Domestic workers in Philadelphia fight for rights, recognition

Lucy, a domestic worker, cleans the home of one of her clients in late July 2019. (Emily Neil/AL DÍA News)

Lucy, a domestic worker, cleans the home of one of her clients in late July 2019. (Emily Neil/AL DÍA News)

This article originally appeared on AL DÍA.

They work in one of the most vulnerable sectors in the U.S. labor force. But Lucy, María del Carmen Díaz and other domestic workers have decided to challenge that, and demand rights for the estimated 16,000 nannies, housekeepers, and caretakers in Philadelphia.

As part of the Pennsylvania Domestic Workers Alliance (PDWA), founded by community organizer Nicole Kligerman in August 2018, the domestic workers you’ll hear from in this episode have organized to introduce legislation to Philadelphia City Council for a Domestic Worker Bill of Rights, and have spoken out about their own experiences of workplace abuses. If the bill is approved this fall session, Philadelphia will become the largest U.S. city to pass a Domestic Worker Bill of Rights.

María del Carmen Díaz (left), a domestic worker and leader in the Pennsylvania Domestic Workers Alliance, speaks on June 20 about the legislation introduced to City Council which extends a range of labor rights and protections to housekeepers, nannies, caretakers, and others in the domestic worker industry. Nicole Kligerman (right), director of the PDWA, stands by, providing translation from Spanish to English. (Emily Neil/AL DÍA News)

It is a struggle happening nationwide, as members of the National Domestic Workers Alliance, of which the PDWA is an affiliate, are also pushing for legislation at the federal level to ensure rights for domestic workers throughout the country. In July, Sen. Kamala Harris (D-CA) and Rep. Pramila Jayapal (D-WA) introduced the Domestic Worker Bill of Rights Act, which would establish basic legal protections for all domestic workers in the U.S.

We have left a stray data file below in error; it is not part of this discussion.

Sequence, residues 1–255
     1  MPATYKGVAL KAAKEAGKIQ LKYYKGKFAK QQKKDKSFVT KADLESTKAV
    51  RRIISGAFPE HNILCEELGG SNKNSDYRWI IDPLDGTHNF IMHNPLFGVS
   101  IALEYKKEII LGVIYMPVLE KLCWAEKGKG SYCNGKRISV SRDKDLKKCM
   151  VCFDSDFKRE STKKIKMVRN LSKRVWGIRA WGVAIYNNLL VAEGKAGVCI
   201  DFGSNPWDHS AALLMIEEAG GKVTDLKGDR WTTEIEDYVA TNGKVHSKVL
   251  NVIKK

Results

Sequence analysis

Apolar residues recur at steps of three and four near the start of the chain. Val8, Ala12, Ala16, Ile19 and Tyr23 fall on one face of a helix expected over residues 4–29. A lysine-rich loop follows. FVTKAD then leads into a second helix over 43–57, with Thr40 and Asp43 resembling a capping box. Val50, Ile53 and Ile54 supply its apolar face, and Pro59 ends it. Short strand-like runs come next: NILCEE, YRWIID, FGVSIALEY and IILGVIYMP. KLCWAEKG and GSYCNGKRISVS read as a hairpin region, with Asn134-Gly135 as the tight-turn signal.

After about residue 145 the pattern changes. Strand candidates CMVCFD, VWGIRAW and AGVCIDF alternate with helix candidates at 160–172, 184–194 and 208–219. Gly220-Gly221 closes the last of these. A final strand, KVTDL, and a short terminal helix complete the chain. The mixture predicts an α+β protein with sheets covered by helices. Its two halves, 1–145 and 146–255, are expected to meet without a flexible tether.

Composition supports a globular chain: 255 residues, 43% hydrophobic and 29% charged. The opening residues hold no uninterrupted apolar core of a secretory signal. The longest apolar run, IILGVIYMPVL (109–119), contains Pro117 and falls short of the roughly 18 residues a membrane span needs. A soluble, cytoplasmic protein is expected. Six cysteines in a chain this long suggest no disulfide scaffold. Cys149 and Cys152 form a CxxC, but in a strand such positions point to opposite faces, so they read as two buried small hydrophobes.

The battle for the sector’s rights has been going on for decades, dating to the work of Dorothy Bolden, a black domestic worker and civil rights activist in Atlanta, who began organizing in the 1960s to demand better wages and greater protections.

Domestic workers in Philadelphia fight for rights, recognition (Emily Neil/AL DÍA News)

But domestic workers, organizers, and legislators alike say that changing the working conditions and rights afforded to domestic workers won’t happen overnight with the approval of the bill of rights. It will require a long-term effort to educate employers/clients of domestic workers, and examine the systemic issues which contribute to wage theft, discrimination, sexual harassment, and other workplace abuses that many domestic workers face.

On Oct. 22, the Labor and Civil Service Committee of Philadelphia City Council will hold a vote on the proposed Philadelphia Domestic Worker Bill of Rights. If approved, the bill will go to a full vote later in the fall session of City Council.

This article is part of Broke in Philly, a collaborative reporting project among more than 20 news organizations, focused on economic mobility in Philadelphia. Read all of our reporting at

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